The pain of birth was unbearable, and it didn’t go away. It was a great, writhing monster inside you, constantly changing from one form into another. Some days, it was like white hot needles, other days it was an intense pressure on your bones. The only consistent thing was that it was always there. Every one of the babies in the nursery felt it, and they knew that the others felt it. And he was no exception.
At that point, he could not read the registration code printed above his head, or branded onto his back. It was only later that he would think of himself as the 1279th member of XXV division. At this particular moment all he really identified as was ‘very very hungry’. Sadly, it didn’t look as if the nurses were coming any time soon, so he had nothing to do but lie on his back and scream. It was essential that you kept screaming, that was made very clear. Occasionally one of them would stop, and they were plucked from their cots and never seen again. Once or twice he wondered if there might be more food wherever they went, but decided not to risk it.
Over time the pain became more bearable (or maybe he was just learning to tune it out). When it did, he started to take more notice of his surroundings. The bars of his cot were fascinating. It seemed that no matter how much you chewed them, they just wouldn’t budge. Everything in his world was filtered through them, apart from the black ceiling, but that wasn’t much fun to look at. In fact, it was a little bit frightening. So he kept his eyes on the bars. Eventually the nurses did come and he watched them walk up and down, busy with their mysterious duties.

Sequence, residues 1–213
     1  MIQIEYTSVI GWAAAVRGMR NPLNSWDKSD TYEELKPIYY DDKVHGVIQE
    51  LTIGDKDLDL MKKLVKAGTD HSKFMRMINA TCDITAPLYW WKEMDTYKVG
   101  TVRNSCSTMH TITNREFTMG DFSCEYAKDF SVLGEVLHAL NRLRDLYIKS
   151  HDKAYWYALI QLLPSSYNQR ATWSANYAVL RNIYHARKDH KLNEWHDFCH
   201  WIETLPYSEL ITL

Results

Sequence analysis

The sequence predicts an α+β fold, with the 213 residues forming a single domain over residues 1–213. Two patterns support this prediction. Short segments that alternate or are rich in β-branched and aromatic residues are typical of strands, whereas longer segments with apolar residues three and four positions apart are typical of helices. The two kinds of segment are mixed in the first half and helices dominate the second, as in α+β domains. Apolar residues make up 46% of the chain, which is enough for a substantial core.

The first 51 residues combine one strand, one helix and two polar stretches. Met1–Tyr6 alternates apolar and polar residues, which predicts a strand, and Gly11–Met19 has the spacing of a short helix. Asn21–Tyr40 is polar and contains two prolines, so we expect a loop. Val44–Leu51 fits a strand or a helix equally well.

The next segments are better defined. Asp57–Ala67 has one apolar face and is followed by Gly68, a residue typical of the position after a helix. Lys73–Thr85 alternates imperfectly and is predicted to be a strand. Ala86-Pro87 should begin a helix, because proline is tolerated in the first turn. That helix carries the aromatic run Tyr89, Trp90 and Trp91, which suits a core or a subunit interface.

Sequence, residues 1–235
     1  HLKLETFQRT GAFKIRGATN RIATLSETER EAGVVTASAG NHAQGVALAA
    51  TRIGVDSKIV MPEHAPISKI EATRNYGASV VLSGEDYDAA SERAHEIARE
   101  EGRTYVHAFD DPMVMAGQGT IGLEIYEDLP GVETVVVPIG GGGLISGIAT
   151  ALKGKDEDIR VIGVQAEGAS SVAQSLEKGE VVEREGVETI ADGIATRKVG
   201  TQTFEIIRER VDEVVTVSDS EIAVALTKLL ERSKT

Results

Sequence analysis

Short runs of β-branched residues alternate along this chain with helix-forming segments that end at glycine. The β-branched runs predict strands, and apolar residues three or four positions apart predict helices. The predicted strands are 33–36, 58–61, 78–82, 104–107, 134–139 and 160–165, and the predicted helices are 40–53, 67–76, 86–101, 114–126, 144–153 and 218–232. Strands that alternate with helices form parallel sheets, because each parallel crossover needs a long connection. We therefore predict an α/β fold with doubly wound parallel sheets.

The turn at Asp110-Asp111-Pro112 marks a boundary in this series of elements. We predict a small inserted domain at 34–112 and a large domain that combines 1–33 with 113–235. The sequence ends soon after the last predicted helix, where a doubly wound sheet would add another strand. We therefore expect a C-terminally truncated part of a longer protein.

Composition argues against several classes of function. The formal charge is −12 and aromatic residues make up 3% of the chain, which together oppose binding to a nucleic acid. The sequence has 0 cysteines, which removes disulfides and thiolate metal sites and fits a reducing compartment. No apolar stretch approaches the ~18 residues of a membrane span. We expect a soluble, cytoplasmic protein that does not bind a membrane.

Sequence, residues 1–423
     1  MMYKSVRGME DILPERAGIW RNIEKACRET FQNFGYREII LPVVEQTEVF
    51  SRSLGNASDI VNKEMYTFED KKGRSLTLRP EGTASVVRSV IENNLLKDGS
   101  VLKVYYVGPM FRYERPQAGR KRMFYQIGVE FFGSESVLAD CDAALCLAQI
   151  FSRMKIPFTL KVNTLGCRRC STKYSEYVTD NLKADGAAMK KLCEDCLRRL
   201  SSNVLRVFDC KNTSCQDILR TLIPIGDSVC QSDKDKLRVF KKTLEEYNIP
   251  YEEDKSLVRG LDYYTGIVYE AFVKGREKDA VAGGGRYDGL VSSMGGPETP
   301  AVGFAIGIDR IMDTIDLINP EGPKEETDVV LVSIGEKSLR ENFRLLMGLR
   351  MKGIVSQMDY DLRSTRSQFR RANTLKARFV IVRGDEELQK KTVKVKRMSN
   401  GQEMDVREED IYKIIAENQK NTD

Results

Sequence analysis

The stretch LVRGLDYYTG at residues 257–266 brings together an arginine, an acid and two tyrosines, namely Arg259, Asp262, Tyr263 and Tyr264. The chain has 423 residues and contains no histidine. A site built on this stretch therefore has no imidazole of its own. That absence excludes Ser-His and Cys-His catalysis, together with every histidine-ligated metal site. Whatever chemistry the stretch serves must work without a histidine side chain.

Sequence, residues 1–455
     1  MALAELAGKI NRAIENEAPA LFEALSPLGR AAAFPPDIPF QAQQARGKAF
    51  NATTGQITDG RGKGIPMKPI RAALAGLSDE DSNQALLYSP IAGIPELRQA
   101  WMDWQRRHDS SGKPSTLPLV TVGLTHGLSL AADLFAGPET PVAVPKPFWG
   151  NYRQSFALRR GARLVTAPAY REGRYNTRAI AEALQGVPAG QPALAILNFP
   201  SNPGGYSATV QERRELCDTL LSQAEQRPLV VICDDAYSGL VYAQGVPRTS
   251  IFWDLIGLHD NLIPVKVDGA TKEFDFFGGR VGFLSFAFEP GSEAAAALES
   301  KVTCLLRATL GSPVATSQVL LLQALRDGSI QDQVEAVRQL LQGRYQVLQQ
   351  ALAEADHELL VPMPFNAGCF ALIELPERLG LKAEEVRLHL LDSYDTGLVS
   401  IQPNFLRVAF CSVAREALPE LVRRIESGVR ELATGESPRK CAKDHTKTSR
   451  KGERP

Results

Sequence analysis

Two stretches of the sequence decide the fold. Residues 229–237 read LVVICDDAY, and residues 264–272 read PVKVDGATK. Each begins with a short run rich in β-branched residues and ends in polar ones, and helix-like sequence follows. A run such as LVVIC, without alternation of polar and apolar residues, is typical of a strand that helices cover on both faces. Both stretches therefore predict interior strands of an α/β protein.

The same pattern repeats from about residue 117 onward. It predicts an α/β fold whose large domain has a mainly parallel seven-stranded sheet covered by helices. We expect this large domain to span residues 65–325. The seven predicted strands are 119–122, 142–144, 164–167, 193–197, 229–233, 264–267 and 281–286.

Sometimes they stuck things into him, or turned him upside down and shone lights in his face, but he was happy to go along with it as long as there was a bottle or a clean nappy.
One day, to his surprise, he saw a most unusual sight through the bars. It was another baby, lying in its own cot and staring at him.
“If that’s what I look like,” they both thought. “Then how did I get so ugly? No wonder the big ones don’t like us.”
But despite that, they started looking out for each other. They couldn’t speak, of course, but their eyes and their screams did just as well. If they tasted anything particularly fantastic, they were sure to give the other one a nod. In the long, dark night when the black ceiling seemed to fall around them, having someone else nearby helped.
One day, it wasn’t as black as usual. The big ones seemed pretty excited: they fed and changed everybody in double-quick time, and for the first time they actually encouraged silence. Just when he was staring up above him, bracing himself for the blackness, he found himself dazzled. Millions of tiny lights began to flicker and burst into life.
Some twinkled alone, others arranged themselves into swirls and very occasionally one would soar from one side to the other. The whole sight was bewildering for young eyes. He looked through the bars, eager to see how his friend was reacting to the show. She was still staring in wonder, the lights reflecting in her eyes. Now there were two versions of the show to watch: a very hard decision.
He waited every night for the lights to return, but they didn’t. Still, the memory kept him going through the long long months until eventually he found he could almost stretch his toes to the end of the cot. On that day, the big ones came and found him. They picked him up and took him to get one side, where his arms and legs were pulled and squeezed, his head was tapped and shaken and his eyes were stared into.
It would have been a horribly uncomfortable experience, had he not got so used to ignoring the pain. Whatever it was they were looking for, it seems they were satisfied, and before he knew it he was whisked away to another room and dumped on the floor. Sitting up straight, he looked around him. It was like sitting in a house of mirrors: all around him were fellow toddlers. Their babbling noises were unsettling for someone only used to screams or silence. His eyes were beginning to brim with tears, when suddenly he felt something nudge against him. A pair of bright, shining eyes beamed at him and he realised it was his friend from across the nursery. She looked at his frightened face, laughed, and threw her arms around him.
Somewhat confused, but very happy, he blinked away his tears and followed her off to explore, and from that moment on the two were inseparable.